The Wage Gap in Pro Sports: Cashing In On Fame

Updated February 28, 2017 | Infoplease Staff
by John Gettings
AP/Wide World Photos

Eighteen-year-old Martina Hingis, who earned $10.1 million in 1998, was the only female athlete to crack Forbes magazine's list of the top 40 highest-paid athletes.

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According to Forbes magazine, the top 40 highest-paid athletes pulled in $360 million in salary and winnings in 1998 plus an additional $281 million in endorsements. The only woman to crack the list was Martina Hingis ? at number 36. The 18-year-old tennis star pulled in $10.1 million last year, of which less than one-third came from endorsements.

Fortunately for Hingis, she competes on the WTA Tour, which is becoming a hot commodity for advertisers and an example of the effect money can have on sports. A combination of young stars and great competition has helped WTA stars close in on popular men's tennis endorsees like Andre Agassi and Pete Sampras.

Hingis leads a small collection of female athletes who are signing some of the most lucrative endorsement contracts in women's sports history.

In May 1998, Street & Smith's Sports Business Journal ranked the top 25 female athletes by their estimated endorsement revenue and concluded that three female tennis stars ? Monica Seles ($6 million a year), Steffi Graf ($5 million), and Hingis ($3 million) ? are generating the most interest from companies.

As one might expect, individual women's sports like golf and figure skating were well represented on the list. But rising women's team sports like basketball and soccer have representatives as well.

Basketball stars like Jennifer Azzi, who has deals with Ann Taylor, Apple computers, BMW and Reebok; and Lisa Leslie, who's been signed by heavyweights like Nike, Gatorade, GM and Pepsi; earned around $1 million in endorsements in 1998.

By comparison, Grant Hill from the NBA's Detroit Pistons signed a seven-year $80 million deal with sneaker-maker Fila in 1997. Hill added that deal to a pile that already included giants like Sprite and McDonald's.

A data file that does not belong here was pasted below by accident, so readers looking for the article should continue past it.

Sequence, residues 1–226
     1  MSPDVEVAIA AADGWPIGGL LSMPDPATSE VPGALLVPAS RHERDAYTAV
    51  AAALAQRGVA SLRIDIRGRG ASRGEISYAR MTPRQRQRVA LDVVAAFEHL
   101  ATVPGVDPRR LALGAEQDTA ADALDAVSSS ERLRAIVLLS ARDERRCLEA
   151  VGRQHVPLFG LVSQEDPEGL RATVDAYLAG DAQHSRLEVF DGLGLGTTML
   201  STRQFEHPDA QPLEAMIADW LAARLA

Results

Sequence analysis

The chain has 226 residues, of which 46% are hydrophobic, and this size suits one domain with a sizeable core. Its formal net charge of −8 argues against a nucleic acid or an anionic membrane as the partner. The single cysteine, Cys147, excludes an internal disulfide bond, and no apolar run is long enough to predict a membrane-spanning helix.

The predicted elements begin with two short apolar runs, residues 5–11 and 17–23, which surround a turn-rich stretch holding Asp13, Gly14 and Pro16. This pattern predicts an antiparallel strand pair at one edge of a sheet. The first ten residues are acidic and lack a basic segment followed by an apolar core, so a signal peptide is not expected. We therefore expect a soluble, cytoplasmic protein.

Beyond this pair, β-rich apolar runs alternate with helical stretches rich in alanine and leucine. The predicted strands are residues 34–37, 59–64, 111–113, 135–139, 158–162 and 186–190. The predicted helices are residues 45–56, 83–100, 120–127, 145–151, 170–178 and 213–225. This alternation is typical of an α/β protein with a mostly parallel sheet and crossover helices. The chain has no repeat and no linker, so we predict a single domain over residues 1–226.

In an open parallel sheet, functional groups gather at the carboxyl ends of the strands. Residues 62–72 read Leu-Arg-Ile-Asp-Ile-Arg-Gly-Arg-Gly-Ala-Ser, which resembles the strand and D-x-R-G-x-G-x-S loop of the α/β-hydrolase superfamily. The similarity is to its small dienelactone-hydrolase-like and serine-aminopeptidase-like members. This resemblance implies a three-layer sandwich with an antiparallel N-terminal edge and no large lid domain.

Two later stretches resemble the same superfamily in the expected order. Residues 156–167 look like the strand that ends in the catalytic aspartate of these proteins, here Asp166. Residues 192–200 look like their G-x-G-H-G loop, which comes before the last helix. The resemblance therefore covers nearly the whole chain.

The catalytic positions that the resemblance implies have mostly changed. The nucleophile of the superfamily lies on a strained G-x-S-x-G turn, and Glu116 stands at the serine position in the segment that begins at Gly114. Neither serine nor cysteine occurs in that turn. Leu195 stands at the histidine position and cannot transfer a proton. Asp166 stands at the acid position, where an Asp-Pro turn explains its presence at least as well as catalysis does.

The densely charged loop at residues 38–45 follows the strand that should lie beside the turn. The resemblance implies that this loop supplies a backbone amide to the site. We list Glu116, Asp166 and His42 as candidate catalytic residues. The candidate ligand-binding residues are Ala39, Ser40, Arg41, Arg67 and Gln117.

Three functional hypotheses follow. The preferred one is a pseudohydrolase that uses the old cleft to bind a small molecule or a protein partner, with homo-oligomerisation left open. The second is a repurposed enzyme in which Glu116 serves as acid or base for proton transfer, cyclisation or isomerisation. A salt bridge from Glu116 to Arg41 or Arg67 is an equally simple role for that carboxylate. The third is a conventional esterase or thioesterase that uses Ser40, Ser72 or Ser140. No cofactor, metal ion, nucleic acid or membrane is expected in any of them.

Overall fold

Regardless, the marketing success of players like Azzi and Leslie is a sign that companies are beginning to make an effort to market female athletes from professional sports not commonly associated with women.

This was clearly seen in all the hoopla that surrounded the U.S. Women's Soccer Team's success at the 1999 World Cup. The tournament's final game boasted the largest attendance ever for a women-only sporting event and it was broadcast live on a major network. More importantly, the tournament's big-time sponsors like adidas, Bud Light, Coca-Cola, and others went away smiling from the experience. So much so that plans are moving quickly to form a professional women's soccer league.

The U.S. national team's immediate jump to celebrity status is a sign of better things to come. As a result, American soccer stars like Mia Hamm, who also broke the $1 million endorsement barrier in 1998, and teammate Brandi Chastain, should reep the benefits.

In the end, higher salaries, better tournament pay-outs, and more lucrative endorsement deals for America's working women athletes may usher in the beginning of a new era of fairness in amateur and professional sports.

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